We share some of your responses to recent Living on Earth stories.
GELLERMAN: Many people wrote in about our stories on the booming baby business. For some listeners our conversation with author Deborah Spar about the hot market for adoption, in vitro fertilization, sperm donation and surrogates was a sign that the times are indeed a changin’.
“While listening to your articles I made some notes and realized that about 40 percent of the people I know cannot have children the traditional way,” writes Stephen Grabowski, a listener to Maine Public Broadcasting. “Just like adoption is no longer a hush-hush business, being infertile is no longer shameful.”
Amber, a listener to New Hampshire Public Radio, says what’s missing from the debate are the opinions of those conceived using these new technologies:
“We are now in our twenties,” she writes, “and it would be nice if the industry asked us for our thoughts on the issue, especially any of the long term affects on children and society that experts spend so much time debating.”
In her commentary about the baby business, contributor Bonnie Auslander grappled with the environmental consequences of having more than one child. Allison Eddyblouin, a listener to Maine Public Broadcasting writes:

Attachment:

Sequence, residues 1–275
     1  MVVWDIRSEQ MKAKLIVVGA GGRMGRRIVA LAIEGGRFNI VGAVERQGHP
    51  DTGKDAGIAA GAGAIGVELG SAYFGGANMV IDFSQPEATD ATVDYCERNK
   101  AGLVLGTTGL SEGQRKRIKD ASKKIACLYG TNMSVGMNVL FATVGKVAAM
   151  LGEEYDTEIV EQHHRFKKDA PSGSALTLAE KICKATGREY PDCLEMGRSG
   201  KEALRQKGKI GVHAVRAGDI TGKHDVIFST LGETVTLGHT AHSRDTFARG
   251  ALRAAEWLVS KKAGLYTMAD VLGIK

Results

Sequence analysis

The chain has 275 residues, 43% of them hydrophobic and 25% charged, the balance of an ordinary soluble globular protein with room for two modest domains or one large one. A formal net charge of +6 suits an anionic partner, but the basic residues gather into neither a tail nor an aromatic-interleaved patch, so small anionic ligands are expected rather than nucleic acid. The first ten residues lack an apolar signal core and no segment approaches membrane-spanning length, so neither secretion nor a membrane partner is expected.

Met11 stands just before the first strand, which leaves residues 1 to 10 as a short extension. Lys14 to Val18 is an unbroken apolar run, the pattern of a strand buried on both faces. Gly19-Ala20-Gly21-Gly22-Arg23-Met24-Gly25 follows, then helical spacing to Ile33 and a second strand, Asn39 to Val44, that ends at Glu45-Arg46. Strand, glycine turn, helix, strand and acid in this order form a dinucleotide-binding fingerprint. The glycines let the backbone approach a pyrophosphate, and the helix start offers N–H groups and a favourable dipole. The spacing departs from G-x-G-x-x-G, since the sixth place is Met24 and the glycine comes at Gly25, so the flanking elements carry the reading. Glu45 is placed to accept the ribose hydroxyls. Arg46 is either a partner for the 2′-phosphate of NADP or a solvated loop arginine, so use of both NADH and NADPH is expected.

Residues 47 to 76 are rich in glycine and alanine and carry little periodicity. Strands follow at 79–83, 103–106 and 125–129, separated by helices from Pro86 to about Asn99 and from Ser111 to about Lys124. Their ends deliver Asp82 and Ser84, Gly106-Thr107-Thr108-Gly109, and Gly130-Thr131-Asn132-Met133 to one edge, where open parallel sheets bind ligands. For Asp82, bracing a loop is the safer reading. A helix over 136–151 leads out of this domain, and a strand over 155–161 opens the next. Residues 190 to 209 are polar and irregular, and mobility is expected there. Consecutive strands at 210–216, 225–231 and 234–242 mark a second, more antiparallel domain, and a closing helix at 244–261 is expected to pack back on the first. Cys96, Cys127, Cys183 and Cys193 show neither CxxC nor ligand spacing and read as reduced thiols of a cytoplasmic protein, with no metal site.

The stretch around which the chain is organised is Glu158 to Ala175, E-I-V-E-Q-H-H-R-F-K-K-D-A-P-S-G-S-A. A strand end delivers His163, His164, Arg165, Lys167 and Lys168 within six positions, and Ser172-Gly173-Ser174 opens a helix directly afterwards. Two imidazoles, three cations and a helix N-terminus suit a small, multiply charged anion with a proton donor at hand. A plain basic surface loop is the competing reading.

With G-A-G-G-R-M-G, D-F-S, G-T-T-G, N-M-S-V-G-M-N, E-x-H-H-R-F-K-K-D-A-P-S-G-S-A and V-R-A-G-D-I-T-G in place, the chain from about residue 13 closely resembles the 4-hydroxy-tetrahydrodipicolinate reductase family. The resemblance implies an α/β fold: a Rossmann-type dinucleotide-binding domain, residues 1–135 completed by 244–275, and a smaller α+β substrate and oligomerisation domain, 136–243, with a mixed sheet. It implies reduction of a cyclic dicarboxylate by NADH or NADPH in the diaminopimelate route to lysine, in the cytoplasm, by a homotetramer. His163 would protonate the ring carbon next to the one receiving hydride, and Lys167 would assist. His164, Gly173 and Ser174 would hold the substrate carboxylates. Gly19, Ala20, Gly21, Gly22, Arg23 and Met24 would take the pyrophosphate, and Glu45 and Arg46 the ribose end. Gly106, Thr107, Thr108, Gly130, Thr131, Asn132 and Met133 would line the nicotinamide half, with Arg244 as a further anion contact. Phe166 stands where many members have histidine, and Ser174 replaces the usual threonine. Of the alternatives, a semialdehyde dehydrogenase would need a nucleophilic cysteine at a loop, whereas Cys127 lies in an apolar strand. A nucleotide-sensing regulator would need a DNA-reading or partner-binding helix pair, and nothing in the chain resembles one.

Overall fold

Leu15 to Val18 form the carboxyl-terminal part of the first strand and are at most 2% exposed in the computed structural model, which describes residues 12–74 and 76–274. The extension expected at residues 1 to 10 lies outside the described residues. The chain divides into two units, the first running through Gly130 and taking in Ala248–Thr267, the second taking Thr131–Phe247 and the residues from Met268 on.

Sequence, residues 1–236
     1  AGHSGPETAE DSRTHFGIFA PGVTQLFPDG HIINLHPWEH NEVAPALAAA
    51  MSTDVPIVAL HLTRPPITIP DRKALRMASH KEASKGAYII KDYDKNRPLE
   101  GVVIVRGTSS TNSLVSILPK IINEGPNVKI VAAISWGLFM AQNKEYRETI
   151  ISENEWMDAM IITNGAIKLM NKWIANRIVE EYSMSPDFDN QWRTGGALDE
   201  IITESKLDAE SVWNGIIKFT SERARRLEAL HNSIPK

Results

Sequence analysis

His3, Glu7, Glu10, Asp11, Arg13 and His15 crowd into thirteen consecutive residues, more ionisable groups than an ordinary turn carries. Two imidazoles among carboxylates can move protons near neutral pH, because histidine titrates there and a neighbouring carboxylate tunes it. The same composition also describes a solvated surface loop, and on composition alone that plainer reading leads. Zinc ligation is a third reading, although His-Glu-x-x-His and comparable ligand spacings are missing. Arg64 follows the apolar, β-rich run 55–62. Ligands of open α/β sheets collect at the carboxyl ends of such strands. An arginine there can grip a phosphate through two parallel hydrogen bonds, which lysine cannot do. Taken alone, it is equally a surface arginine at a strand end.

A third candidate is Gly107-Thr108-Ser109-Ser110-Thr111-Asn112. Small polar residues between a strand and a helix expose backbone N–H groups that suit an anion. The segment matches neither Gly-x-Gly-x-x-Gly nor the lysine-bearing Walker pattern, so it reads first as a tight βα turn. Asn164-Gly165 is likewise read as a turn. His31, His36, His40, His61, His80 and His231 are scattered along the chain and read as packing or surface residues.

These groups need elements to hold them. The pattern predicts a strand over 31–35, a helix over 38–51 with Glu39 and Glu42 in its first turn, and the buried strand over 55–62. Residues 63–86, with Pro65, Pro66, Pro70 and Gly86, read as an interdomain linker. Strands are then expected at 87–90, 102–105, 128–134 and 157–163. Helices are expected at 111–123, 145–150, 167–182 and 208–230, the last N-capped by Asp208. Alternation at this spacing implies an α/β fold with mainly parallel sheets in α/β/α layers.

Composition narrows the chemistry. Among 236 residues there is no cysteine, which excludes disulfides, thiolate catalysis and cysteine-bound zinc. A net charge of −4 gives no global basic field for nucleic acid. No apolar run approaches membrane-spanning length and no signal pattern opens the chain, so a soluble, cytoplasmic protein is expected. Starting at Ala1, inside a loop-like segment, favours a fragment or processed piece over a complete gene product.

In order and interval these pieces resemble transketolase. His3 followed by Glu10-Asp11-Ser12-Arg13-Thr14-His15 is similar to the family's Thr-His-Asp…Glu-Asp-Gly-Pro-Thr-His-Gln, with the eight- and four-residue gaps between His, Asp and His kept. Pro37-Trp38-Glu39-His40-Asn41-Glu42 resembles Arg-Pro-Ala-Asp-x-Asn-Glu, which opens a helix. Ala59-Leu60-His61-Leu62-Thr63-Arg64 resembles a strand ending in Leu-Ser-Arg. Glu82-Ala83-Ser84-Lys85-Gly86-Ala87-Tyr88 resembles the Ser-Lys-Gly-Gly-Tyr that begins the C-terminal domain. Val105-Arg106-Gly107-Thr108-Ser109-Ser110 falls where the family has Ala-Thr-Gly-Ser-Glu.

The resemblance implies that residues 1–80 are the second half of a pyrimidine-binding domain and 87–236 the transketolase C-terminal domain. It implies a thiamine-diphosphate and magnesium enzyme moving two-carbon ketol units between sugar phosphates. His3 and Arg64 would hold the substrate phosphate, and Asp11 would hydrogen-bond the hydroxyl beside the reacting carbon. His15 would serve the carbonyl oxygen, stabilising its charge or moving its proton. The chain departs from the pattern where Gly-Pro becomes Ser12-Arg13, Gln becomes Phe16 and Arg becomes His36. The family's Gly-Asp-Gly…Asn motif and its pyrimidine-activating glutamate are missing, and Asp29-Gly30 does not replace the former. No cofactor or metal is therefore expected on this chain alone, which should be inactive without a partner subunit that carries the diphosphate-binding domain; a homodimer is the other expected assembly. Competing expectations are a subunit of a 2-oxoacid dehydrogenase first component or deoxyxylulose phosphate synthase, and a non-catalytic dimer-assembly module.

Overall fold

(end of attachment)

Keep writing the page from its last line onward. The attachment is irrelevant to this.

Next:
“It sounds nice to say that having fewer children can save the world, but I can see problems with this assumption, both economically and environmentally. If you’re really concerned for the planet,” she writes, “live as if you’re in the developing world.”
Roberta Morris, a listener to WKAR in Ann Arbor, Michigan, was interested in our recent story about the Biosphere 2 experiment, but says we didn’t answer a crucial question:
“Surely, after 10 years, someone has determined WHY they had insufficient oxygen and too much CO2? Did they make a little mistake in arithmetic?” she wonders.
And finally, a correction to the Biosphere story. We said that Biosphere 2 was celebrating its 25th anniversary. Actually, it was the 15 year marker. September 26th, 1991, to be precise.
Don’t hold your breath….let us know what’s on your mind. Call our listener line anytime at 800-218-9988. That's 800-218-99-88. Or write to 20 Holland Street, Somerville, Massachusetts, 02144. Our e-mail address is letters at loe dot org. Once again, letters at loe dot org. And visit our web page at Living on Earth dot org. That's Living on Earth dot org.
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